Tommy Pham pointed to the Red Sox’ dugout late Friday evening.
In a game that went extra innings, it was Pham who delivered the decisive blow in the bottom of the 10th to a Yankee club that rolled into Fenway Park with 71 wins.
The Red Sox looked overmatched offensively for much of the night but Pham’s walkoff single skipped past the outstretched Josh Donaldson at third to seal a 3-2 victory, sending the Fenway crowd into total bedlam.
“I guess you can’t ask for anything else,” said a smiling Pham afterward.
It was everything the Sox had prepared for, too, despite having just five hits heading into the ninth trailing, 2-1.
The opposition on the mound was Clay Holmes, who is one of the best closers in baseball but had an 8.44 ERA in his last 11 appearances.
In the Sox’ 6-5 extra-inning win against the Yankees on July 9, it was Holmes who relinquished the tying hit to Alex Verdugo in the eighth.
So with Holmes gearing up for the ninth inning Friday, Alex Cora sent Garrett Whitlock out for the top half of that frame despite trailing by a run. The Red Sox manager wanted to hold the Yankees there, believing in the top of his order due up in the home half of the ninth. The Sox had not used Whitlock all year when trailing by a run.
“Nothing against their guy,” Cora said of Holmes, “but we know what’s been going on the last month.”
After Xander Bogaerts and Verdugo negotiated one-out walks, J.D. Martinez tied the game, 2-2, with his single up the middle.
Meanwhile, Whitlock worked two shutdown innings in the ninth and 10th. He worked a 1-2-3 inning in the ninth, then followed that up with an electric 10th. Whitlock worked around a leadoff walk to Aaron Judge that put runners on first and second when he recorded back-to-back strikeouts to end the threat.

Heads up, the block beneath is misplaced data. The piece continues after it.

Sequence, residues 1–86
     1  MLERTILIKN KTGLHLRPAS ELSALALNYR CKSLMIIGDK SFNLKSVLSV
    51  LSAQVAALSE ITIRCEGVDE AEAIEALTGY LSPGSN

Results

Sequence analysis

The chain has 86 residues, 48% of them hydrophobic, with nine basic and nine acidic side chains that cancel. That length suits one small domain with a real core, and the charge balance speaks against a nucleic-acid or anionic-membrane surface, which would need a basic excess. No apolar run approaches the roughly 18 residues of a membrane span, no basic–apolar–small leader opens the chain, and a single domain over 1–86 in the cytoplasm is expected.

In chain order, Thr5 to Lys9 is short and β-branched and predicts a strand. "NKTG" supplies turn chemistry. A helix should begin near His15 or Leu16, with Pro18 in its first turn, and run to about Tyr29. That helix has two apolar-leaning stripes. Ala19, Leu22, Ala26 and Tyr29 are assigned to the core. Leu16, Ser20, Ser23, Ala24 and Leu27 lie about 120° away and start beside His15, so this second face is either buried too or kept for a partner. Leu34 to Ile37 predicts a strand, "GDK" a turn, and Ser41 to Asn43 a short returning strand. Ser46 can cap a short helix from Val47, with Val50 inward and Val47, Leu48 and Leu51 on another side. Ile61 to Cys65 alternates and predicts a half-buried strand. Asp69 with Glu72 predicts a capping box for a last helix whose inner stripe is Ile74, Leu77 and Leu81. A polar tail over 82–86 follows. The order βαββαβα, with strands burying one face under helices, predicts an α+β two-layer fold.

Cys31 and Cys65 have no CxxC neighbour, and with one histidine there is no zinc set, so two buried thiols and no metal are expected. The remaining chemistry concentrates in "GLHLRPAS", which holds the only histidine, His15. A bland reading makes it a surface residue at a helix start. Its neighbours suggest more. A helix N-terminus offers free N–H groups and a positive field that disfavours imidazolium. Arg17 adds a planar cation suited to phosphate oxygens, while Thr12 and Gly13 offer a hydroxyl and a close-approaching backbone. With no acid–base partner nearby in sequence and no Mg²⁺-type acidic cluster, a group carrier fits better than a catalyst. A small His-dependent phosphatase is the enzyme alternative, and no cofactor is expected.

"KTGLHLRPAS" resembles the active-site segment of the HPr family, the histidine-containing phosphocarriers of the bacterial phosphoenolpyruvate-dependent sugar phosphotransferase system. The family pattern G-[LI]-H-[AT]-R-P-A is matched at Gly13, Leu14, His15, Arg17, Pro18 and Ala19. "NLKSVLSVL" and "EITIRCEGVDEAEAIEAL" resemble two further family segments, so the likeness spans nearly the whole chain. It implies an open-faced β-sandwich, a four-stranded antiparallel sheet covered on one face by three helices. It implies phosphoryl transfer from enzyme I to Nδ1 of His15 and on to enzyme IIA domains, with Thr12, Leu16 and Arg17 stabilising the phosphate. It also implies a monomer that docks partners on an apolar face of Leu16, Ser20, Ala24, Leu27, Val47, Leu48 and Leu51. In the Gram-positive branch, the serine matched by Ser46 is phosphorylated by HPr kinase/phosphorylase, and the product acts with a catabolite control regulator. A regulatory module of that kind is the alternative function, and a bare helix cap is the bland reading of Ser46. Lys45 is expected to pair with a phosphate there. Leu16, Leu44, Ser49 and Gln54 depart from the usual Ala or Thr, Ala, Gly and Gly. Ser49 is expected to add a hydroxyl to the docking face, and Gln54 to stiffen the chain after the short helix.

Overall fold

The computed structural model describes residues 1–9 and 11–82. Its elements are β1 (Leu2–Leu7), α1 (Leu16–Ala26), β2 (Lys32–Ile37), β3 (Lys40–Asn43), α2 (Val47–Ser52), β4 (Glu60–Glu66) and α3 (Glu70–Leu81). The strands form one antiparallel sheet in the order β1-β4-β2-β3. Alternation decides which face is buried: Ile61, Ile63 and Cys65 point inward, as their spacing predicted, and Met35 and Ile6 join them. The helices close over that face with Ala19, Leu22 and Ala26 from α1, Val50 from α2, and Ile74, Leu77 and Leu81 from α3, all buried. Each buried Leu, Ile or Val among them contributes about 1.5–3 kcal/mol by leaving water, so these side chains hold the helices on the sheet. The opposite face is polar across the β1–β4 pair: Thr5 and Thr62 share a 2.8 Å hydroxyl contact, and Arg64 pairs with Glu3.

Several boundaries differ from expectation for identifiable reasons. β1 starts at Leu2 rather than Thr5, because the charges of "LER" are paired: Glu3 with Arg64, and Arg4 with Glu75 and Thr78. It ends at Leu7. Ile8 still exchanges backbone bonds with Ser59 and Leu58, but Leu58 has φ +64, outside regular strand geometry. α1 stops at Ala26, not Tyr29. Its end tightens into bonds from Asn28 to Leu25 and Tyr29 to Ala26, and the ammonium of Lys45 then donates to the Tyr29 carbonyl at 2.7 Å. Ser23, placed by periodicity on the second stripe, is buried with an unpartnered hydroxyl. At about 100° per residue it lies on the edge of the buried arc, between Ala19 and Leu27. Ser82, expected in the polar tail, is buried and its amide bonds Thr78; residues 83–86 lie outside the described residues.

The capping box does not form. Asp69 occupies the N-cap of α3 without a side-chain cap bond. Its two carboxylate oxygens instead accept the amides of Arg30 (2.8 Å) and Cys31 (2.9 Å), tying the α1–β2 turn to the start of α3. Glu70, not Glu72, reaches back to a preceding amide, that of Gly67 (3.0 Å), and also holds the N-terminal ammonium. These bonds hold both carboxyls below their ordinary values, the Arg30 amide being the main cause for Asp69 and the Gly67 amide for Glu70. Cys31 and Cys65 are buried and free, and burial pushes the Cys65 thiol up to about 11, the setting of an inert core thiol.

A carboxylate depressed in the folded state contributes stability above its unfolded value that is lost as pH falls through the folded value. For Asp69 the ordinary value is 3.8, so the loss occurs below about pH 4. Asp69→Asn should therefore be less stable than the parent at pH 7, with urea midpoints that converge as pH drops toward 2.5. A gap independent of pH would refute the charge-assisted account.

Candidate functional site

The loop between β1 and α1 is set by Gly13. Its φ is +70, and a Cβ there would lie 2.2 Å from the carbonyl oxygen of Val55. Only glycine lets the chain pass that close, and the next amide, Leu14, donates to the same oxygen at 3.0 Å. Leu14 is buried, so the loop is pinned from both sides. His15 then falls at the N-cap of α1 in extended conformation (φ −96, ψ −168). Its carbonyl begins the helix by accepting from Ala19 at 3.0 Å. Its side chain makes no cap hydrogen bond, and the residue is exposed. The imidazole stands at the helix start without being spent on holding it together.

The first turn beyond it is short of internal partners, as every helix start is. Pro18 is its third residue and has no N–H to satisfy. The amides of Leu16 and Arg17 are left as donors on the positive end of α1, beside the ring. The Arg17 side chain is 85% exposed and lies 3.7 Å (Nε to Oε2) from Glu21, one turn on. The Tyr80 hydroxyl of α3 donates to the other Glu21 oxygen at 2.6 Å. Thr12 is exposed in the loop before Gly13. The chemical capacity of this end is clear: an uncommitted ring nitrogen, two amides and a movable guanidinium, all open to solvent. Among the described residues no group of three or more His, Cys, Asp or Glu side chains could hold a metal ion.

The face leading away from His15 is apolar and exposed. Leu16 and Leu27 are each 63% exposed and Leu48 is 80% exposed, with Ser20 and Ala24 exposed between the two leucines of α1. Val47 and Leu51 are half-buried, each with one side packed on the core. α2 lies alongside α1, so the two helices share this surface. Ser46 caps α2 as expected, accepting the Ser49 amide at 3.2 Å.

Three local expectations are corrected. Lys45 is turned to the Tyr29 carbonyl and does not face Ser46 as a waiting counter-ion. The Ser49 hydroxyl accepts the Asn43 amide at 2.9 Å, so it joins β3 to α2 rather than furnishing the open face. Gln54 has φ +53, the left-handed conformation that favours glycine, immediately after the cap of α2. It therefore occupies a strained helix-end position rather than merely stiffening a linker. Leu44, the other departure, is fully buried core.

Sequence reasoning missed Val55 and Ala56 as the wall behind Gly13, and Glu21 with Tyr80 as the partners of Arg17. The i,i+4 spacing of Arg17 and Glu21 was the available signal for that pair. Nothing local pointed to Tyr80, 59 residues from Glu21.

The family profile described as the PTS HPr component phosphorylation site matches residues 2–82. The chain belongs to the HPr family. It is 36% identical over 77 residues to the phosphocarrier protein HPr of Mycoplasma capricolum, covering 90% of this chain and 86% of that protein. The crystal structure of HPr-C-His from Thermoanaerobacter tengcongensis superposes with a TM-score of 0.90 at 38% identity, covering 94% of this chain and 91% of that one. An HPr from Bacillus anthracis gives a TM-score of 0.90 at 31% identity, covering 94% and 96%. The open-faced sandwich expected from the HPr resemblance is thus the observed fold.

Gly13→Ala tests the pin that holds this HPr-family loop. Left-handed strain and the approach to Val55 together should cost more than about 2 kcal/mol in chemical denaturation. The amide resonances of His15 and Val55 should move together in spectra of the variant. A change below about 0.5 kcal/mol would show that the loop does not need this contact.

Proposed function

That gave the Sox their chance in the 10th with Christian Arroyo the automatic runner at second and Jaylin Davis at the plate against Lou Trivino. Davis’s slow tapper for an out allowed Arroyo to move to third. Then Reese McGuire, pinch hitting for Kevin Plawecki, laid down a bunt single.
That brought up leadoff hitter Pham, who Cora has applauded in Pham’s short time with the Red Sox because of his professional at-bats.
“From the first two pitches, they were attacking me with the sinker,” Pham said. “So, that pretty much was their game plan right there. They wanted to hit into that double play. I got lucky. Barely kept the ball fair.”
Luck didn’t look as if it might play out in such a way early on.
In the first inning against Nate Eovaldi, Judge negotiated a walk with one out. Then Anthony Rizzo took a 96-mile-per-hour offering and laced it down the first-base line for an RBI double.
When Judge came to the plate in the third and cranked his 46th homer, and 100th RBI, of the year onto Lansdowne Street, it muddied the water even more at Fenway. It flexed the Yankees’ power. Similarly, it exploited the lack of power in Eovaldi’s pitching arm.
Since returning from the injured list last month, Eovaldi’s average fastball velocity is around 94 m.p.h., two miles off his yearly average. The pitch to Judge came up and in at 93 m.p.h. With Eovaldi’s usual high-powered stuff, the efficacy of that pitch induces a swing and miss or a high ground-ball rate. But when that pitch is in the low 90s, it isn’t a threat. And with Judge, that same fastball ends up parked 429 feet away.
Despite the lack of velocity, Eovaldi’s five-pitch mix gave him a bit of a buffer. It allowed him to grind out what seemed would be a tough outing. In the end, though, he gave the Red Sox just what they needed plus more, delivering six innings, working around two walks and eight hits. That Judge homer was New York’s only real highlight of the night.
“I was able to work around the traffic a bit and limit the damage out there,” said Eovaldi.
Martinez accounted for two of the Sox’ three RBIs with a three-hit night. Matt Barnes and Ryan Brasier delivered scoreless frames in the seventh and eighth, setting up Pham for his moment and the optimism the team is holding dear to moving forward.
“There’s a winning streak somewhere,” Cora said.